p53 attenuates acetaminophen-induced hepatotoxicity by regulating drug-metabolizing enzymes and transporter expression
Acetaminophen (APAP) overdose is the most frequent cause of drug-induced acute liver failure. Inhibition of APAP metabolic activation and promotion in APAP disposition are important to protect against APAP-induced liver injury. Tumor suppressor p53 is traditionally recognized as a surveillance molecule to preserve genome integrity. Recent studies have emerged on discovering its functions in metabolic regulation. Our previous study reported that p53 promoted bile acid disposition and alleviated cholestastic syndrome. Here, we examined the effect of doxorubicin (Dox)-mediated p53 activation on APAP-induced hepatotoxicity in mice and revealed a novel role of p53 in regulating APAP metabolism and disposition. Histopathological and biochemical assessments demonstrated that administration of Dox (10 mg/kg/d) before APAP treatment (400 mg/kg) significantly alleviated APAP-induced hepatotoxicity. Dox treatment prevented APAP-induced GSH depletion and lipid peroxidation. p53-null mice were more susceptible to APAP-induced liver injury. Further, we found that the expression of drug-metabolizing enzymes and transporters CYPs, SULTs and MRPs was regulated by p53. Dox treatment also promoted Nrf2 activation and increased the expression of Nrf2 target genes including GSTα/μ and NQO1, which contribute to APAP detoxification. Overall, this study is the first to demonstrate the protective role of p53 in regulating APAP metabolism and disposition, which provides a potential new therapeutic target for APAP-induced liver injury.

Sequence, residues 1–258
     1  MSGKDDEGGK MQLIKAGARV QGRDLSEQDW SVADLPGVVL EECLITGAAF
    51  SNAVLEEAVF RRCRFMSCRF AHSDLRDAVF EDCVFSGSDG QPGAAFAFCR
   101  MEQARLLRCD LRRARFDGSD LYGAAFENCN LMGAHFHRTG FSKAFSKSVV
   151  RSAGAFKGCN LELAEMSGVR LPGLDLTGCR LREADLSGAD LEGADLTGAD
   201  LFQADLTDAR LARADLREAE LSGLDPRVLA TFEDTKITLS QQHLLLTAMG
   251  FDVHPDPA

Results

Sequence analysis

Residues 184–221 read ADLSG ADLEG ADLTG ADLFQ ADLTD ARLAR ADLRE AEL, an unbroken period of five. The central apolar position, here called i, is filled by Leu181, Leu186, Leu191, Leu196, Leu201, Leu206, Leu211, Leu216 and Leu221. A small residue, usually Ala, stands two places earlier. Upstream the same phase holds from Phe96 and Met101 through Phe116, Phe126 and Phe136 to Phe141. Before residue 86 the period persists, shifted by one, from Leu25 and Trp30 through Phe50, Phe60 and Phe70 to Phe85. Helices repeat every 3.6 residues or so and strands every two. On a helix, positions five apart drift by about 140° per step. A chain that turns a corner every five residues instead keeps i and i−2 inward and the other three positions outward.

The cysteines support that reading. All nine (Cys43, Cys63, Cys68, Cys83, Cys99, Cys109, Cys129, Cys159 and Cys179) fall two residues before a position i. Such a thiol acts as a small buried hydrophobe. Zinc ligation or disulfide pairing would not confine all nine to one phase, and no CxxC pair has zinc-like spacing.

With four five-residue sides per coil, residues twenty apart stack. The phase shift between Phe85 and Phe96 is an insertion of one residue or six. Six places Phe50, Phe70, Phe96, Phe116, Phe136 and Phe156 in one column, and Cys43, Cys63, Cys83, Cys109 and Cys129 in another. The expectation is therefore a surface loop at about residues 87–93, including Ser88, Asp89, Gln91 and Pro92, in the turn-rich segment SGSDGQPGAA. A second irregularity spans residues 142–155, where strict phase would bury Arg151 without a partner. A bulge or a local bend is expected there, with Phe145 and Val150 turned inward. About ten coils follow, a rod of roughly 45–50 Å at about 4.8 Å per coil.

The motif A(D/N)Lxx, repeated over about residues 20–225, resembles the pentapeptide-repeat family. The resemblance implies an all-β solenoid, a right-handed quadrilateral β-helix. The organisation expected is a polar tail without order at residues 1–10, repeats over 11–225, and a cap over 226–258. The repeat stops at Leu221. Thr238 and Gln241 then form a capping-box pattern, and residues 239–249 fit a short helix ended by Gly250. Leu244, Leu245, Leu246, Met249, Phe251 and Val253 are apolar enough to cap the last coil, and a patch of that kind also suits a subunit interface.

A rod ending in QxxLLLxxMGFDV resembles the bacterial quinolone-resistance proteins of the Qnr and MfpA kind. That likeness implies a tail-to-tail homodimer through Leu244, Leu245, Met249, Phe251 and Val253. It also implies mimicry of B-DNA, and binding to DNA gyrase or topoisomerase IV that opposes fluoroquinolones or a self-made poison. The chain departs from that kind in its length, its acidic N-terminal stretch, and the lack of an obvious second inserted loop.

Authors: Jiahong Sun, Yajie Wen, Yanying Zhou, Yiming Jiang, Yixin Chen, Huizheng Zhang, Lihuan Guan, Xinpeng Yao, Min Huang & Huichang Bi
Influence Factor: 5.638
Citation: Cell Death Dis 9, 536 (2018).